"Of course," Bill said. "Very noble of you. Heroic, even, from the sound of it."

Ron squirmed. "It's not that big a deal. I mean, okay, I want to strangle the little git about five times a day, but I wanted to kill him a lot during the war, too, you know?"

"Yeah, but that was during the war," Bill said. "There were bigger things to worry about than Malfoy being a monstrous git."

"And the pizzeria isn't important enough to be getting upset over," Ron said. "It's just a lark. For laughs, you know?"

"Sure," Bill said. "Just something to pass the time, right?"

"Right," Ron said, wondering why Harry couldn't have understood it so quickly and completely.

Bill raised an eyebrow at Ron. "Passing the time until what?"

Ron choked a little, and set down his glass of juice very quickly. "Er," he said, "I...I'm working on that."

"When you're not running around the pizzeria," Bill said.

"I'm not going to be at the pizzeria forever," Ron protested. "And then...well..."

Well, then he could go back to the Burrow and the henhouse, and in a week or so his parents would be back from Ibiza. And then...keep waiting, he supposed, until something came up, something that he could do, something that made sense after he'd quit school, fought a war, and helped just a tiny bit in saving the world.

But then again (he suddenly thought), what could actually top that?

"I'm not asking just to wind you up," Bill said quietly after a moment. "I just want to know you're going to be all right when we head back to Egypt."

"I've already got Mum, Dad and Hermione worrying over me," Ron muttered.

"Yeah, and they're worrying just like us," Bill said. "Or at least, Mum and Dad are. They keep asking me why you don't write back more often."

Ron hadn't actually read the owl post for days, hadn't had time for writing his own letters even longer. He sighed, and rubbed his eyes. "Thanks, mate, just what I need. A load of guilt."

"Oh, don't get maudlin on me, now," Bill said. "I'm just saying, if you're not sticking with the pizzeria business, you should be looking for something you will stick with."

"Why would I stick with the pizzeria?" Ron asked. "I just told you—"

"I know, I know, I'm just saying," Bill said. "I'm getting senile in my old age, you'll have to forgive me."

Ron took a deep breath. "Right. Sorry. Just—you never answered my question, about the goblins."

"You're the one who got us sidetracked," Bill said, and leaned forward over the table. "So, like I was saying, you can't deal with this Stonefoot on straightforward wizard terms. You can either solve this the goblin way, with lots of hammers, or you force his hand and take it to the bank."

"What good would that do?" Ron asked.

Bill smiled slightly. "One, if you make a public complaint it'll make a stink between the bank and the Ministry that the bank can't ignore. Two, the bank has a sole charter to make loans in Britain, and the board includes all the elders of all the goblin clans—meaning somebody is going to be pissed off to learn a member of a rival clan is making a bit of gold on the side."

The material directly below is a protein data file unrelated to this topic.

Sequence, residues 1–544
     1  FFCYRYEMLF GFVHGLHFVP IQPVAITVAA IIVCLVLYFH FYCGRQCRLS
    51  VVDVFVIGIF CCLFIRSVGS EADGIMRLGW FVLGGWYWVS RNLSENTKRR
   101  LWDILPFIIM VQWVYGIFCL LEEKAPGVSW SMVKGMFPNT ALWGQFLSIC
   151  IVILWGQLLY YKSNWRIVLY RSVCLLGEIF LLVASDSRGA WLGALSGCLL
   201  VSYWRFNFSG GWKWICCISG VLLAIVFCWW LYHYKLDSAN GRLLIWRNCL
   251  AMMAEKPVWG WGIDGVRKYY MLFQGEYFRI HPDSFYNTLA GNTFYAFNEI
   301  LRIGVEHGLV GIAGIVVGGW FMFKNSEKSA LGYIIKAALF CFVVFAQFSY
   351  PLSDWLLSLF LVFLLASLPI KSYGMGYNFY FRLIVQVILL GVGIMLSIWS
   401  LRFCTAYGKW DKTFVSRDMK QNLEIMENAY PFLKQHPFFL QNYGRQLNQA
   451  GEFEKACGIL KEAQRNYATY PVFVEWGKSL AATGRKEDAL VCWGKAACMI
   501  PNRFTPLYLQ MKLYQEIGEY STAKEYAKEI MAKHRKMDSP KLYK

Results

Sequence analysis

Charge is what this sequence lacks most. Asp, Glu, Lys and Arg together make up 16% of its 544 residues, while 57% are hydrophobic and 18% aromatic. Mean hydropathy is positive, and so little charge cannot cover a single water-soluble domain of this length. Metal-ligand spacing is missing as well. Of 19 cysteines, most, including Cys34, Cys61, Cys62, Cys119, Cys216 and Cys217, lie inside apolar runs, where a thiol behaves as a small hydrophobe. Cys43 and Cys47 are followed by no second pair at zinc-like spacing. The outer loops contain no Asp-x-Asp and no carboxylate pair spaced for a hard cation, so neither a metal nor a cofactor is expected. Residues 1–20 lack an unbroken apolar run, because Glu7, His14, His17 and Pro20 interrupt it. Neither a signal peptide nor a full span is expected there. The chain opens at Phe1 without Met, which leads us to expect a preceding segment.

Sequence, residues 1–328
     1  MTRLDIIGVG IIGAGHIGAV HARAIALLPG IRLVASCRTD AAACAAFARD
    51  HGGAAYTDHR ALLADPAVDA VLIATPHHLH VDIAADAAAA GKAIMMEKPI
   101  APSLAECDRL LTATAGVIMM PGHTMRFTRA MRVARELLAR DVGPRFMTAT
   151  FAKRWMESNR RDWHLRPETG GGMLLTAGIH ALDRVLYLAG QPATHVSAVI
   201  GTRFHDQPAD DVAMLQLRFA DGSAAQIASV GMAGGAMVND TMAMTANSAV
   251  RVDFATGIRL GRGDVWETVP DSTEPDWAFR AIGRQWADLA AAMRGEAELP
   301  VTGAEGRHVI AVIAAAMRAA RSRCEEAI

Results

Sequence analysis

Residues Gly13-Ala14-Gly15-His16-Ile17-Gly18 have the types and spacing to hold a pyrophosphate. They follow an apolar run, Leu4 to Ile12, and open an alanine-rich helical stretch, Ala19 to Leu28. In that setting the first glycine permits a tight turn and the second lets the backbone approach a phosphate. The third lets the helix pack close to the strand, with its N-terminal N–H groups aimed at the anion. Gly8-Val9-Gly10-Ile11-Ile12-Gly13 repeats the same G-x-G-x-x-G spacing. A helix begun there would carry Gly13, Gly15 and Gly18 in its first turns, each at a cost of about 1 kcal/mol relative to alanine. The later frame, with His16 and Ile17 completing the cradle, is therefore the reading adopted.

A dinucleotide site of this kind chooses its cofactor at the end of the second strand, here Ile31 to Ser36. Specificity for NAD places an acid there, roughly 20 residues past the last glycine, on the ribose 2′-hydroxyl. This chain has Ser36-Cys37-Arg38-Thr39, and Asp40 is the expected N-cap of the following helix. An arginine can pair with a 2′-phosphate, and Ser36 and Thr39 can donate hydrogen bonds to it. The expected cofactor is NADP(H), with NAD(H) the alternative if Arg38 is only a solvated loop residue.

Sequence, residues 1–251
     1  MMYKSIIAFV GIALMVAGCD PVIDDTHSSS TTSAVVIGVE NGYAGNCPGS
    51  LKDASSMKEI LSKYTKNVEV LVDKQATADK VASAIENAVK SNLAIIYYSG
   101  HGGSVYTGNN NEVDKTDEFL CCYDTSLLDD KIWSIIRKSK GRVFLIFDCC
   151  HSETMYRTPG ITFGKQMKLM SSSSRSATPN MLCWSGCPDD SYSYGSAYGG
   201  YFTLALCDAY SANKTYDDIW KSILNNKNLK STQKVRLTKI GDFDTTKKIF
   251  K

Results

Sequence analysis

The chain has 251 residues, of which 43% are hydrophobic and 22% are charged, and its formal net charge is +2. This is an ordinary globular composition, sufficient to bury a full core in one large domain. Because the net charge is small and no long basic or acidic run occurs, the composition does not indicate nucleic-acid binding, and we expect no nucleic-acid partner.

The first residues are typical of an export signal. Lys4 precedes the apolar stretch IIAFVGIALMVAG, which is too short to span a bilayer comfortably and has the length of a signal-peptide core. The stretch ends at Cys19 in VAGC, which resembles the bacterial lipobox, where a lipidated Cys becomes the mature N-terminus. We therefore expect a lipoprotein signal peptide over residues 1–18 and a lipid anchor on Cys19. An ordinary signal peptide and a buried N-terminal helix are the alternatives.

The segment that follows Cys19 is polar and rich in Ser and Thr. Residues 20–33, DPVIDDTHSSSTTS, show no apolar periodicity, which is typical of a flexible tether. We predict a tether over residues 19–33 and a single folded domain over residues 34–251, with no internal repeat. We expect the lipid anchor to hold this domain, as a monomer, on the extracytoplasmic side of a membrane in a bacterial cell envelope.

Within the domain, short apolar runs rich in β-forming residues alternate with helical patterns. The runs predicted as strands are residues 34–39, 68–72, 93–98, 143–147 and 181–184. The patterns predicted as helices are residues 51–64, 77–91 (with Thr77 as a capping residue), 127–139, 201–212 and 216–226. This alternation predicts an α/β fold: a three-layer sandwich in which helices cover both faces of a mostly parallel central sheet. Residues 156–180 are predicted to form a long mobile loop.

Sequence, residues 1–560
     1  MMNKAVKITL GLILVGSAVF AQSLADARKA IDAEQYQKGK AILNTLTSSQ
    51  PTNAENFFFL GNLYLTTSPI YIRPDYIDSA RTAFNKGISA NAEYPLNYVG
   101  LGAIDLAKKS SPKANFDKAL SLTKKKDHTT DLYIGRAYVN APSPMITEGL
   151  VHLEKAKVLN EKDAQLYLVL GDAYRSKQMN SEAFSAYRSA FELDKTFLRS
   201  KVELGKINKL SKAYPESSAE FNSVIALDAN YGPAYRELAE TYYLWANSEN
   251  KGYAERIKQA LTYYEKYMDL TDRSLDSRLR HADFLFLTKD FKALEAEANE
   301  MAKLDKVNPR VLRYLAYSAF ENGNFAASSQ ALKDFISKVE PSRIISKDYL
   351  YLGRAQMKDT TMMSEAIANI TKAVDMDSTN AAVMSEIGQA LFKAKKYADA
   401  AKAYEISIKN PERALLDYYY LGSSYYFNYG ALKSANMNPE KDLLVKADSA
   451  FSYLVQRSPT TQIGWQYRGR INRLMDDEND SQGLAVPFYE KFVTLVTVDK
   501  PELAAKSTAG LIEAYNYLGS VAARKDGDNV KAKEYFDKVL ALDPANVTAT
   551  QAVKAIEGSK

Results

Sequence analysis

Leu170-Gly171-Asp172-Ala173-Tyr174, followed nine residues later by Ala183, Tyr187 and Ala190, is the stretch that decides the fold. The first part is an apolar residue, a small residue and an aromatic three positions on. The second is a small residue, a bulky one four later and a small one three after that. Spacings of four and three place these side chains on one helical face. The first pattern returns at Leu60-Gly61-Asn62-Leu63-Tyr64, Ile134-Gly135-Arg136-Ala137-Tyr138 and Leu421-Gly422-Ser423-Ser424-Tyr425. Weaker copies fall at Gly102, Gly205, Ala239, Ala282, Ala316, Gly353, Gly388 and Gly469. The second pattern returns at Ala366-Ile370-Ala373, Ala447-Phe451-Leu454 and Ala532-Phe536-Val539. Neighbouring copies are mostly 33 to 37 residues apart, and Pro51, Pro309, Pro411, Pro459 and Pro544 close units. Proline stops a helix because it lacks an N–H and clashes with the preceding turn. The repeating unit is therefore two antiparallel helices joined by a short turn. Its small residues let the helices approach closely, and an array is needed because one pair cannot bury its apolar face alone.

That sounded like a nice, neat way to solve the problem to Ron, so of course it was also the absolute last thing Malfoy would consent to do. "What about the way with the hammers?" he asked. "How does that one work?"

"You beat the hell out of them," Bill said, brows knit. "If you win, they'll probably acknowledge that you bested them—probably—and submit to you."

"Probably?" Ron echoed. "That doesn't sound good."

"It's a cultural thing," Bill admitted. "They'll fight each other all the time and be gracious losers—sort of—but since you're not a goblin..."

"...we might just piss them off," Ron said. "Unless we really kick their arses."

"But not too badly," Bill asked, "or you might just instigate a blood feud with their clan, and those sorts of things almost never end well."

"No blood feuds, gotcha," Ron said gloomily. "Any other advice?"

"Yeah," Bill said. "Be careful. And remember, we're all behind you, if you need us."

Ron couldn't quite doubt that, but he was fairly certain they weren't behind Malfoy, just like he knew Malfoy would never agree to the public airing of his finances that a proper complaint would require. Instead, Ron tried to think of how they—or more likely, just he—could fight a gang of hammer-wielding goblins without completely destroying the pizzeria. He stopped by Flourish and Blotts and browsed the section on the goblin wars, trying to find a book that was the right mix of short, informative, and unlikely to kill him with boredom. Hermione might have been moved to tears by the sight.

By the time he got to the pizzeria (with Wandwork and Weaponry of the Fifth Goblin Rebellion under his arm) the dining area was busy, the glass display case had been covered in cardboard, and Malfoy's hair was sticking up sharply on one side, apparently held in place with a dried crust of alfredo sauce. "I am not going to murder you right now," he hissed and he all but dragged Ron into the kitchen, "but that's only because I need someone to mind the kitchen while I drink myself blind and sleep away the weekend."

"Good to see you too," Ron said, and stowed his book safely away on a high shelf. "I'd say I missed you, but I'd be lying."

"Blaise," Malfoy said, ignoring him, "has apparently disappeared, because I cannot find hide nor hair of him, so thank you very much for that. The elf is trying to teach himself Italian, in the event we can ever open the bloody cookbook, and Creevey refuses to go near the till despite the fact that I have told him several times it has been dealt with."